from my travel journal: 19 july 09
I felt like a stupid tourist at Pashupatinath. Zsoka had said, “Go see the burning bodies.” But it didn’t register until I was there that I was trespassing (or so it felt to me) upon families’ funerals.
As soon as we paid our admittance fee, a man who wanted to be our guide hurried us up some stairs and proudly presented the platform we stood on. He gestured to the river and then ushered us to the platform’s walled edge. I tried to distance myself from him because I didn’t want a guide. I was wondering how we were going to lose him. Those thoughts were hastily swept away when I peered over and saw we were right above a couple of funeral ghats. A foot was just being licked by orange flames. My stomach jumped into my mouth. I felt sick – a human body was burning less than 10 feet from me. I also felt liking becoming invisible. I felt I had mis-stepped boundaries and cultures. I wouldn’t want groups of foreigners watching my loved ones’ funerals. Some things are meant to be private or, in this case, shared only within a known community.
Things got worse, in my opinion. (I’m very aware that I may have projected my personal discomfort, but I don’t think so given the glares we got from families.) We left the platform—and the guide—and crossed a bridge, which took us over the sacred river. Facing us were stone steps, like prehistoric bleechers. On them were at least 30 or so other foreigners all wearing—groan—matching red t-shirts. They magnified my tourist humiliation. The steps. The shirts. A disrespectful sporting motif tinged it all for me. What must these locals think of us? (And yes, I may as well have been wearing a red t-shirt.)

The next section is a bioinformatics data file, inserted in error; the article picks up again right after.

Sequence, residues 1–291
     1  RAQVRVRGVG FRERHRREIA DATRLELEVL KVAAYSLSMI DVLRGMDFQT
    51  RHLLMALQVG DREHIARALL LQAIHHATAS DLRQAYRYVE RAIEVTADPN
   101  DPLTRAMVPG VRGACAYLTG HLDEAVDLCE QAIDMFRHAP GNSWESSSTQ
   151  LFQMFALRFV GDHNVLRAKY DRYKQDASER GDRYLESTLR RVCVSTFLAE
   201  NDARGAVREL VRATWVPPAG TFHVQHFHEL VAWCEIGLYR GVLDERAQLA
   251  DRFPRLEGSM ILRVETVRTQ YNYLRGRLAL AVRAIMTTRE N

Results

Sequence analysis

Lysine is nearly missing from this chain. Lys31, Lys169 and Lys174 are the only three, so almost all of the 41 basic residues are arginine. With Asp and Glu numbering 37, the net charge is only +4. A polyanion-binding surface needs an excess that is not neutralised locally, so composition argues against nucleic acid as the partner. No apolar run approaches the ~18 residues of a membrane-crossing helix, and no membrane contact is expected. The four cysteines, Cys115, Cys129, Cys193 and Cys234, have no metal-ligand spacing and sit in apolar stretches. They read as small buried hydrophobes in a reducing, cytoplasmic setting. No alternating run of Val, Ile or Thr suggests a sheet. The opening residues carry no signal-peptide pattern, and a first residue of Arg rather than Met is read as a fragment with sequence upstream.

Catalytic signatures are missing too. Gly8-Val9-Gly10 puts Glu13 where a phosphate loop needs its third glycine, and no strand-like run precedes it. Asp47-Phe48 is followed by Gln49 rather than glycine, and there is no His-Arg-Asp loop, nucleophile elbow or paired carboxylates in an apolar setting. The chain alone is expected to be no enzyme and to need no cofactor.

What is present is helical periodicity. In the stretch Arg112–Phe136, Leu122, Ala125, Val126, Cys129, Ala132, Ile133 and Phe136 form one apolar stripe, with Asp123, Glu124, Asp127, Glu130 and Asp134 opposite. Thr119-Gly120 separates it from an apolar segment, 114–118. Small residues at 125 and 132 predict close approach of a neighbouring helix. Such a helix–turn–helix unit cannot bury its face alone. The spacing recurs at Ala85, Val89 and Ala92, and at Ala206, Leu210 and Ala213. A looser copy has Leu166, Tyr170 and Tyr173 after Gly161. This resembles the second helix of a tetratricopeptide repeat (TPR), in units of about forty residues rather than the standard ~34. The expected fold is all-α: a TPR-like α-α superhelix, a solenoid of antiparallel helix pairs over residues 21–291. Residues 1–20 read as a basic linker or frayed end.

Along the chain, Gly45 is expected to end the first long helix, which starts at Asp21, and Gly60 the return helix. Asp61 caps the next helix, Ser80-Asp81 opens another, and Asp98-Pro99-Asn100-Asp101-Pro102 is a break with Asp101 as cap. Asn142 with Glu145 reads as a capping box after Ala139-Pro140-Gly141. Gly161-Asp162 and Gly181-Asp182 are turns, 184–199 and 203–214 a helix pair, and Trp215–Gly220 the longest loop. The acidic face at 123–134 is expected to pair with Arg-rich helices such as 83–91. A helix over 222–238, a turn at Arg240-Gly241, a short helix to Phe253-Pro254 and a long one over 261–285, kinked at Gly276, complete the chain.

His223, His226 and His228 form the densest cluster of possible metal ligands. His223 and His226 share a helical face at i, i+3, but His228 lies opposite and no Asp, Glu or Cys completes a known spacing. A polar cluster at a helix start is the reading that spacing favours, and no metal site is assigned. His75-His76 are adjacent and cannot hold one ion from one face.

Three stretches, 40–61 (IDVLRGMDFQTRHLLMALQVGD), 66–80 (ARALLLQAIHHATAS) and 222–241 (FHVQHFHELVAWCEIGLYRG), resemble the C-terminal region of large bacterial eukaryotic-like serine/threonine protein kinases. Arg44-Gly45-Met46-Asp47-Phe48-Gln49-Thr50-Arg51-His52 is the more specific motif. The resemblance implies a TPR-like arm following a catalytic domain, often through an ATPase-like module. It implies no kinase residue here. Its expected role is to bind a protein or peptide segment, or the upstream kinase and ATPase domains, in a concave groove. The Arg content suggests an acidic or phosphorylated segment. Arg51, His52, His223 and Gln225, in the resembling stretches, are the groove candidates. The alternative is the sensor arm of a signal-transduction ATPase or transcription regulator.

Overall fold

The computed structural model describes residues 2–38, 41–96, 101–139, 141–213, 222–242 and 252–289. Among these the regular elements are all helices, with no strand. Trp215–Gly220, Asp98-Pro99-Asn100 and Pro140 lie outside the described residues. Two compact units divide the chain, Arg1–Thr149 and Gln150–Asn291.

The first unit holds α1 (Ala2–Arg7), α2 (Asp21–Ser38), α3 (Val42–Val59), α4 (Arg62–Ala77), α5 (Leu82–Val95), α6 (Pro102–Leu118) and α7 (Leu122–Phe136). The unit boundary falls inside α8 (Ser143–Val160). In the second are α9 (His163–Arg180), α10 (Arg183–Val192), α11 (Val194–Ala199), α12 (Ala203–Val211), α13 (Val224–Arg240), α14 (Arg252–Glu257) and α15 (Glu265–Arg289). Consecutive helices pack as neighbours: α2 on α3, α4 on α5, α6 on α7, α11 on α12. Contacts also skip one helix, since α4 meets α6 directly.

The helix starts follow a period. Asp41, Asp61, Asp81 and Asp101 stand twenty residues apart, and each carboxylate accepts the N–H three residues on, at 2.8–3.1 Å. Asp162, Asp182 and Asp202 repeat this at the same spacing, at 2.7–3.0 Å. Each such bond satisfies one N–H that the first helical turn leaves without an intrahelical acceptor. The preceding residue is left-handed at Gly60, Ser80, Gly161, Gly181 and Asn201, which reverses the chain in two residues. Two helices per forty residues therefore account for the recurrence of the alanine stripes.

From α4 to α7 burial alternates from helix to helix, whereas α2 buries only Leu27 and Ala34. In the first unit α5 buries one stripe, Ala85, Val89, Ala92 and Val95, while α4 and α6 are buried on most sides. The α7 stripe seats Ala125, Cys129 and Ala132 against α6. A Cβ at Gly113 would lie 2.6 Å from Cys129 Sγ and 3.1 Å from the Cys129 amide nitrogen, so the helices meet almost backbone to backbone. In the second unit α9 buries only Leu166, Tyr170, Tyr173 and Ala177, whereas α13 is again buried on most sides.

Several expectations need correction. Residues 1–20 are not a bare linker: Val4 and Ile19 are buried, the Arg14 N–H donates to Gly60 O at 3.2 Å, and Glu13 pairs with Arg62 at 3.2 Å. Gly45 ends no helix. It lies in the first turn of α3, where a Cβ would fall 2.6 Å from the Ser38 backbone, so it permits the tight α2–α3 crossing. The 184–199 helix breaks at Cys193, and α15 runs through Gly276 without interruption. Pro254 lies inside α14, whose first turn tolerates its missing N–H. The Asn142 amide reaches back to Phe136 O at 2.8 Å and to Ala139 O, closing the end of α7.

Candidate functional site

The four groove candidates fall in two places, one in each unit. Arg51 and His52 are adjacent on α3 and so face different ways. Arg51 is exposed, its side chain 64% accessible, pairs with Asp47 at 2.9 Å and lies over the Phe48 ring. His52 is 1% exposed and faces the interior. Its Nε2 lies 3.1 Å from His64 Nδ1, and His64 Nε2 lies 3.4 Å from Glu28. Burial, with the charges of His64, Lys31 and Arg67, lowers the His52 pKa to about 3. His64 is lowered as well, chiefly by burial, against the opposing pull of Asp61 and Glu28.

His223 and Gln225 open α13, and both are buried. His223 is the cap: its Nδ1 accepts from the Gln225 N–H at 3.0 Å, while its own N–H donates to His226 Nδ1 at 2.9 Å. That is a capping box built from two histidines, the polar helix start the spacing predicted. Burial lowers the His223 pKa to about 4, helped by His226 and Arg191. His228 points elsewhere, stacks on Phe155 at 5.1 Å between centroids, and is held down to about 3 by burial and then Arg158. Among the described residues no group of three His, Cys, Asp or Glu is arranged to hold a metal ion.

Sure, you can argue that the temple is a UNESCO world heritage zone for which tickets are sold. Sure, tourist revenue helps with the up-keep of the reverent area. But, I highly doubt the locals who are there, trying to say good-bye to their loved ones, were ever asked if they minded the foreign attendees. From the cold looks they gave us, I’m guessing an overwhelming “no.”
I took one surreptitious photo of the funeral ghats. There was an eerie beauty to the smoke and fire above the river, reaching up the late-day sky. When I focused on that view, I felt the reverence I wanted to communicate to the mourners. Stowing my camera away, casting my eyes down, and getting out of there as quickly as I could were the ways I knew to show some respect for the sadness that permeated the place.
The whole experience reminded me that I always have to put thought into where I go as a tourist. I feel I usually do. I can’t recall another place that overwhelmed me with regret. (You could even argue that that’s good.) The experience underscored to me that forethought is always so important. I hate feeling like a stupid tourist.